Submitted by lmarkle on Fri, 2012-06-29 07:00
NASA's NuSTAR space telescope has taken its first image, snapping a shot of the high-energy X rays from a black hole in the constellation Cygnus. NuSTAR—short for Nuclear Spectroscopic Telescope Array—was launched on June 13, and is the first telescope that can focus high-energy X rays. It will explore black holes, the dense remnants of dead stars, energetic cosmic explosions, and even our very own sun.
Submitted by lorio on Mon, 2012-06-18 07:00
Submitted by admin on Mon, 2012-06-11 07:00
Caltech graduate student Melissa Yeung has been selected as one of 21 students nationally to receive a Department of Energy (DOE) Computational Science Graduate Fellowship. The honor covers up to four years of support for graduate studies in fields that focus on the use of high-performance computing technology to solve complex problems in science and engineering.
Submitted by mwoo on Mon, 2012-06-04 18:00
In the biggest result of its kind in more than ten years, physicists have made the most sensitive measurements yet in a decades-long hunt for a hypothetical and rare process involving the radioactive decay of atomic nuclei. If discovered, the researchers say, this process could have profound implications for how scientists understand the fundamental laws of physics and help solve some of the universe's biggest mysteries.
Submitted by lorio on Fri, 2012-05-18 07:00
In his Watson Lecture given on April 25, Shri Kulkarni, the John D. and Catherine T. MacArthur Professor of Astronomy and Planetary Science and the director of the Caltech Optical Observatories, described how Caltech's fully automated Palomar Transient Factory—Kulkarni calls it "Transients 'R' Us"—is revolutionizing how we explore the changing sky.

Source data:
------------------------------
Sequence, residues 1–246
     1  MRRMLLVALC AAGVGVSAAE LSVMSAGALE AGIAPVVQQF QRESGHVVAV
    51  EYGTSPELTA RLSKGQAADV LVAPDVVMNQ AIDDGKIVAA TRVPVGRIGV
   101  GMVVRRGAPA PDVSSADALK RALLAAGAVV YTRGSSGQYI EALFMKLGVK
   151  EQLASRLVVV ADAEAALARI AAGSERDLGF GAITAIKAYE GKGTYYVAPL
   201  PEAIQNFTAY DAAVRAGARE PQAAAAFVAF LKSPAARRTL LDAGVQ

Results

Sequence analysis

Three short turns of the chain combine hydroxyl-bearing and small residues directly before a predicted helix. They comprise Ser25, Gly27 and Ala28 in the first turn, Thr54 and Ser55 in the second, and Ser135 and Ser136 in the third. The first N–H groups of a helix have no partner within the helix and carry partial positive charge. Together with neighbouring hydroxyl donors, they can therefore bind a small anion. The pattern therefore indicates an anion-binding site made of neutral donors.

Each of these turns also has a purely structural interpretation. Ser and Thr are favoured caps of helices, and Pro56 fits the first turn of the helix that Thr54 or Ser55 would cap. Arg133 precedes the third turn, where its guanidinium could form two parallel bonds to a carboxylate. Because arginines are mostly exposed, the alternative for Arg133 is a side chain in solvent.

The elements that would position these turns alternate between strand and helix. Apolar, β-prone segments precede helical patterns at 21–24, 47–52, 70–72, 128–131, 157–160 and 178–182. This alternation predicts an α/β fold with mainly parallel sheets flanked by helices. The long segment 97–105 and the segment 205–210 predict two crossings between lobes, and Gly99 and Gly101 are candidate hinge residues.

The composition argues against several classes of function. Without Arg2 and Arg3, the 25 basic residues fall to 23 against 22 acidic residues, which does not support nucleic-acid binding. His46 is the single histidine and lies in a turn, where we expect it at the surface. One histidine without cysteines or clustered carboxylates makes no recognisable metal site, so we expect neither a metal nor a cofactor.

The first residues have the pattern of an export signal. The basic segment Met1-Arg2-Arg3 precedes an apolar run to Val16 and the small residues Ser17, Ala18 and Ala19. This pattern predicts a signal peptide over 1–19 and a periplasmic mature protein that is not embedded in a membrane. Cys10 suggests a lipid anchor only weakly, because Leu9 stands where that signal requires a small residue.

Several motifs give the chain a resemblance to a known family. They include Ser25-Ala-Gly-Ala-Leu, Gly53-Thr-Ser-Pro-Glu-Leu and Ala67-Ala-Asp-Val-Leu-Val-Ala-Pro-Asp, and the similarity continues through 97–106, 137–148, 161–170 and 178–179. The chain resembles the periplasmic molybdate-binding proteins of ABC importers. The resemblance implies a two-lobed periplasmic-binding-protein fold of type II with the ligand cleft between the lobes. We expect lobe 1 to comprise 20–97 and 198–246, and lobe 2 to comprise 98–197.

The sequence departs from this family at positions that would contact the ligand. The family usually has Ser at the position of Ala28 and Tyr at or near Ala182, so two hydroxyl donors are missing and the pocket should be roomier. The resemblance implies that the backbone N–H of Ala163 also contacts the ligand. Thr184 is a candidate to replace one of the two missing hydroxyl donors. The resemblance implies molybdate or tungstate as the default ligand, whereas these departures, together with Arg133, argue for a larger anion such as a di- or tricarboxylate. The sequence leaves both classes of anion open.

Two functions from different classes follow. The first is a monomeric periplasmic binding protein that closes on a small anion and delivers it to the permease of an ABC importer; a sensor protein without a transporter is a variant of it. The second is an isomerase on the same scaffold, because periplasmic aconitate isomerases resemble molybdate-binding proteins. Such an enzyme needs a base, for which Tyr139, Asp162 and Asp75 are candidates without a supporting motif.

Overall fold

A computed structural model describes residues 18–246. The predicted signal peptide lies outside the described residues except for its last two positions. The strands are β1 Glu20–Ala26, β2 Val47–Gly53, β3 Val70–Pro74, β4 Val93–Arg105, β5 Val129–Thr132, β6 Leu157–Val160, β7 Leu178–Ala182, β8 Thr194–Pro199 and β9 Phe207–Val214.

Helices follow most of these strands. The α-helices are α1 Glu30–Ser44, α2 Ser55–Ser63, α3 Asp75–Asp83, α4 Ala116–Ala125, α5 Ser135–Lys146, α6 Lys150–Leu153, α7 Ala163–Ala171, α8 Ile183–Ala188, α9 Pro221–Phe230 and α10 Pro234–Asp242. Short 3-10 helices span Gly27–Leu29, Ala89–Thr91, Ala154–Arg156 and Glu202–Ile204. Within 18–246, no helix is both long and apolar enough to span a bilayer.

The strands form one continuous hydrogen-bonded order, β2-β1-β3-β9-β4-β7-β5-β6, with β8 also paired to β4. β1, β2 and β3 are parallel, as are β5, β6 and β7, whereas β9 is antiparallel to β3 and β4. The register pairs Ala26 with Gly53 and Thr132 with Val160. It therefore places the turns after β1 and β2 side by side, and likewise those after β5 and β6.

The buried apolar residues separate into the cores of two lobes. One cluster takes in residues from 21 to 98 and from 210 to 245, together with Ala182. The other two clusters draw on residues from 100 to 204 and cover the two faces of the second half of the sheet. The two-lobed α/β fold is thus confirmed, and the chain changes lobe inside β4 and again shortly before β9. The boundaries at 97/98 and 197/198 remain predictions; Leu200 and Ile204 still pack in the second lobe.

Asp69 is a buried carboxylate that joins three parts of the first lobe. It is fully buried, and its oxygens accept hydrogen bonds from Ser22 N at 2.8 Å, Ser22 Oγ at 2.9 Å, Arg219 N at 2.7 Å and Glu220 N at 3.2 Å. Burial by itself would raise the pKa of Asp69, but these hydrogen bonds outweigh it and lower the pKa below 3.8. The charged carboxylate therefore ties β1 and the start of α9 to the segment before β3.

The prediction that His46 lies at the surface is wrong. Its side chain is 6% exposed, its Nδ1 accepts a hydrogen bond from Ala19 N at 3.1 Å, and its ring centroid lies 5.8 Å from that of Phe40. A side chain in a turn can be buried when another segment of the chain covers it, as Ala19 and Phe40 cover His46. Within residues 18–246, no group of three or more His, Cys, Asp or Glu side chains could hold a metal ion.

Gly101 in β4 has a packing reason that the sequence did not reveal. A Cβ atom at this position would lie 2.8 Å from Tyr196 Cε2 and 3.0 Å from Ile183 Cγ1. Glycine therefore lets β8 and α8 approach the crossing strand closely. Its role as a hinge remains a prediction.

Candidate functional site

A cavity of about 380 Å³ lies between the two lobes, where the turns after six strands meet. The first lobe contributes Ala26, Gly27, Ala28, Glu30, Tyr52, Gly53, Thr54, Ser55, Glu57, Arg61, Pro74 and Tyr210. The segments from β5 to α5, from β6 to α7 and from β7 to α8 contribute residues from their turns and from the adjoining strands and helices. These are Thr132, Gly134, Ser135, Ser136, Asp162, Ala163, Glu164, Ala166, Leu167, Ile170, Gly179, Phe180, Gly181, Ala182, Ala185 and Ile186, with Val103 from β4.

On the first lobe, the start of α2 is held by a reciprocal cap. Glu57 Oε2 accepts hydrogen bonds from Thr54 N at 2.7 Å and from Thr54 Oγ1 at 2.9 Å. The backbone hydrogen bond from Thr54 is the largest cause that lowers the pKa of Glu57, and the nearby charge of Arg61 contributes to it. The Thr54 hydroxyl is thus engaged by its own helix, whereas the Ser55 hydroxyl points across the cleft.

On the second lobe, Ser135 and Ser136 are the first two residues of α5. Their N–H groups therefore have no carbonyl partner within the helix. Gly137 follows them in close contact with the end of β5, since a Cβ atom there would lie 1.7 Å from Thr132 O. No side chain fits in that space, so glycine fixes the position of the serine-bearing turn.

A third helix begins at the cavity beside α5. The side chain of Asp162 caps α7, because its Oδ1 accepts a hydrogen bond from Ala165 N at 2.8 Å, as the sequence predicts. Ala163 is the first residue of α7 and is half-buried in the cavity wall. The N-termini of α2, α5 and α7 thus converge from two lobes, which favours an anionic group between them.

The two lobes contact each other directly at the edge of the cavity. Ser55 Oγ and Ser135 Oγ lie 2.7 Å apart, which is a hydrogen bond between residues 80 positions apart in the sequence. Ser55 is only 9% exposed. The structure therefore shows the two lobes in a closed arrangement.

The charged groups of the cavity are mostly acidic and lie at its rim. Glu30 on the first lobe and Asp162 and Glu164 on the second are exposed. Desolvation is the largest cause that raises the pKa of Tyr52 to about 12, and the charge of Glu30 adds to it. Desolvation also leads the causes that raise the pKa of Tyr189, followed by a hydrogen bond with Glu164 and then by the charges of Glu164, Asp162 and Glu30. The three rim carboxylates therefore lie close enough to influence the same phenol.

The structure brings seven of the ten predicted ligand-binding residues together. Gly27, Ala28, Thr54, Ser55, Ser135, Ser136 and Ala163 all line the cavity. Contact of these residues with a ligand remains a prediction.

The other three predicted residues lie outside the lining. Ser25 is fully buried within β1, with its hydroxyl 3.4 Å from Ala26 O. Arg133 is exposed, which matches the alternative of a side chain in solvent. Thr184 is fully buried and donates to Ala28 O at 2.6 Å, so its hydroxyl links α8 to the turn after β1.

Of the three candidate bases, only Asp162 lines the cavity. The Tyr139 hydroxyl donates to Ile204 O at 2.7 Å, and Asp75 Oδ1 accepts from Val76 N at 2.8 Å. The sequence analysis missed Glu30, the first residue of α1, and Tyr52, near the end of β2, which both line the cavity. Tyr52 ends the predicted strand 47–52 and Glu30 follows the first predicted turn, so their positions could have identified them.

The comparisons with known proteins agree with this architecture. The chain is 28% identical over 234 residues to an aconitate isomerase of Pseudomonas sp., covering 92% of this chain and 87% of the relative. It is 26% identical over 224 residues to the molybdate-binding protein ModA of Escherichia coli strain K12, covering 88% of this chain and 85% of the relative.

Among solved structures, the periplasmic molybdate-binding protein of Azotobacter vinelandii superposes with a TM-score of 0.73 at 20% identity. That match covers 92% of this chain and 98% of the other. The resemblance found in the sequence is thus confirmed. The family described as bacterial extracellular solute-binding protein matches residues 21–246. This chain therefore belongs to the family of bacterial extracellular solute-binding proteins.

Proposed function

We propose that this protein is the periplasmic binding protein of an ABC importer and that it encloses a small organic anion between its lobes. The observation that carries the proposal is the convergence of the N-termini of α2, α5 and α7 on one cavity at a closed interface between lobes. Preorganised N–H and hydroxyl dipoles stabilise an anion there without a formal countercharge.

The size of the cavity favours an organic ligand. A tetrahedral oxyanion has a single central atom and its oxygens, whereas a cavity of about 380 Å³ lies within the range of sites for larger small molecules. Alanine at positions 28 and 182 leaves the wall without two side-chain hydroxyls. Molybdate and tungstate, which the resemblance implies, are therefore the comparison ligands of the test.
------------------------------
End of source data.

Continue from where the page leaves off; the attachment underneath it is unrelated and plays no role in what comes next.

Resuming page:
Submitted by lmarkle on Fri, 2012-05-11 07:00
A team of astronomers has found that the most active galactic nuclei—enormous black holes that are violently devouring gas and dust at the centers of galaxies—may prevent new stars from forming. The team, which includes several researchers from Caltech, reported its findings in the May 10 issue of the journal Nature.
Submitted by lorio on Mon, 2012-04-30 07:00
In James Eisenstein's Watson lecture on January 18, 2012, he uses vivid analogies and nifty animations to lead us through the basics of quantum electronics to his own work with some very bizarre particles—even for quantum mechanics.
Submitted by lmarkle on Wed, 2012-04-04 07:00
Scientists have further narrowed the search for a hypothetical particle that could be dark matter, the mysterious stuff that makes up 80 percent of all the mass in the universe. Caltech postdoc Jennifer Siegal-Gaskins presented the researchers' results, compiled from two years' worth of data from NASA's Fermi Gamma-ray Space Telescope, at a meeting of the American Physical Society in Atlanta earlier this week.